The special grant will support an upcoming exhibition by Diné (Navajo) photographer and community-engagement artist Will Wilson (Santa Fe, NM).

The Southeastern Center for Contemporary Art (SECCA) has been awarded a special grant from the Ellsworth Kelly Foundation, administered by the Foundation for Contemporary Arts (FCA), to support an upcoming exhibition by Diné (Navajo) photographer and community-engagement artist Will Wilson (Santa Fe, NM).

The Ellsworth Kelly Award is a by-invitation, $40,000 annual grant to support a solo exhibition by an emerging, mid-career, or under-recognized contemporary visual artist at a regional U.S. art museum or university or college art gallery. The program and selection process are administered by FCA. The recipient of this year's award is the Institute for Contemporary Art (ICA) at Virginia Commonwealth University (VCU) for the first solo museum exhibition of filmmaker, photographer, and writer dana washington-queen.

This year, due to the unprecedented challenges facing museums, the Ellsworth Kelly Foundation has made a one-time decision to support two additional exhibitions from the proposal pool with grants of $10,000 each. These grants will be awarded to the Southeastern Center for Contemporary Art and the Cranbrook Art Museum. "In a year when both museums and artists are struggling to survive, the Ellsworth Kelly Foundation will support two other future exhibitions of underrecognized contemporary artists, the Cranbrook Art Institute's Sonya Clark survey and the Southeastern Center for Contemporary Art's Will Wilson exhibition," said Jack Shear, President of the Ellsworth Kelly Foundation.

"SECCA is excited to support Will Wilson's extraordinary work," said Bill Carpenter, Executive Director of SECCA. "For 65 years now, SECCA has connected underrecognized and emerging artists with broad, diverse audiences, emphasizing the importance of risk-taking, dialogue, and collaboration. We are pleased to be able to continue that work with the generous support of the Ellsworth Kelly Foundation."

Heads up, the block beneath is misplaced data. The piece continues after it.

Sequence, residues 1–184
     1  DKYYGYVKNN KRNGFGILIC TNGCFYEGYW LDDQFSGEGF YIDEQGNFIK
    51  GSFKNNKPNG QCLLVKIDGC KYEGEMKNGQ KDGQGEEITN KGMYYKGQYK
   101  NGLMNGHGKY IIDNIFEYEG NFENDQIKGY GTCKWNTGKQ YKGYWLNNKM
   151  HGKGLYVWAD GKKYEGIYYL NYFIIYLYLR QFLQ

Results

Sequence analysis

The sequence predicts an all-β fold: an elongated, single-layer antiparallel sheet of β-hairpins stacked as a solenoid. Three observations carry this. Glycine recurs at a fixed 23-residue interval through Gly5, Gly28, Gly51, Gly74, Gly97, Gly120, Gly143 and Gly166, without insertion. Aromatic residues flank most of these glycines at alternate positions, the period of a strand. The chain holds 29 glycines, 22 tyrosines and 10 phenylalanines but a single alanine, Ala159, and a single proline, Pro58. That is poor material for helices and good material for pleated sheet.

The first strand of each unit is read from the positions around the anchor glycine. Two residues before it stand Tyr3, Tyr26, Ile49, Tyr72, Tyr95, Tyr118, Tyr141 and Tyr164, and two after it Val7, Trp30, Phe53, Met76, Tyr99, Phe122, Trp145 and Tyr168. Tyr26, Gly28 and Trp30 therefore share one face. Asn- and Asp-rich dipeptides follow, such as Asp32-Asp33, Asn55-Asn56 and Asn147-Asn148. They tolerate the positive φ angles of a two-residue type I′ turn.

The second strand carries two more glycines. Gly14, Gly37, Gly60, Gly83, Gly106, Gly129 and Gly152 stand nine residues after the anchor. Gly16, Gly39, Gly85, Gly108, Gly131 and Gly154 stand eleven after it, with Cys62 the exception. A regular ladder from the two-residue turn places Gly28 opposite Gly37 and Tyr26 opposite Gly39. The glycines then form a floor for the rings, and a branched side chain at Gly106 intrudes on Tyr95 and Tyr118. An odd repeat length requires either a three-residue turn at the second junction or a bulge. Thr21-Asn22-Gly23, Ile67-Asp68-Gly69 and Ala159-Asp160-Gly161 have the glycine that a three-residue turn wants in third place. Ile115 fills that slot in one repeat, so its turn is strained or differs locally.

William (Will) Wilson is a Diné photographer who spent his formative years living in the Navajo Nation. Born in San Francisco in 1969, Wilson studied photography at the University of New Mexico (Dissertation Tracked MFA in Photography, 2002) and Oberlin College (BA, Studio Art and Art History, 1993). In 2007, Wilson won the Native American Fine Art Fellowship from the Eiteljorg Museum, and in 2010 was awarded a prestigious grant from the Joan Mitchell Foundation.

Opening at SECCA in summer 2022, Will Wilson: Connecting the Dots (working title), will expose audiences in the Southeast and in the wider art field to the work of a living Native artist, and examine who gets to identify as a 'contemporary artist' versus who by necessity has to identify as a 'native artist'.

"Will is a dynamic and engaging artist, whose past work challenged a lot of notions about who should be in front of or behind the camera lens," said Wendy Earle, Curator of Contemporary Art at SECCA. "His new project is a really exciting blend of old and new photographic techniques, and he is shedding light on some important issues affecting the Southwestern landscape."

Will Wilson's Connecting the Dots project raises awareness about a critical opportunity for a Just Transition on the Navajo Nation as it addresses remediation following uranium extraction that has poisoned the land and impoverished a people. The artist will create an unconventional photographic survey using drone-based, aerial and App-activated photography to help Diné people re-story their narrative. The project will present a portrait of environmental and social poverty, but more importantly, shape a platform for voices of resilience, wisdom, and vision for a transition to restorative systems of economy and memory making. This survey will lead to a series of exhibitions and educational curriculum to help advocate for a reformed approach to environmental remediation underway on Navajo Nation, with the aim of training Diné hydrologists, scientists, documentarians, and artists in activism and remediation instead of allowing former polluters to financially benefit from this work.

Visit Will Wilson's website at


Founded in 1956, the Southeastern Center for Contemporary Art offers a front-row seat to the art of our time. Through visual art exhibitions, education, music, film, dance and theater, SECCA starts conversations that engage diverse communities and perspectives. SECCA is an affiliate of the North Carolina Museum of Art and a division of the NC Department of Natural & Cultural Resources. SECCA receives operational funding from The Arts Council of Winston-Salem and Forsyth County. Additional funding is provided by the James G. Hanes Memorial Fund.

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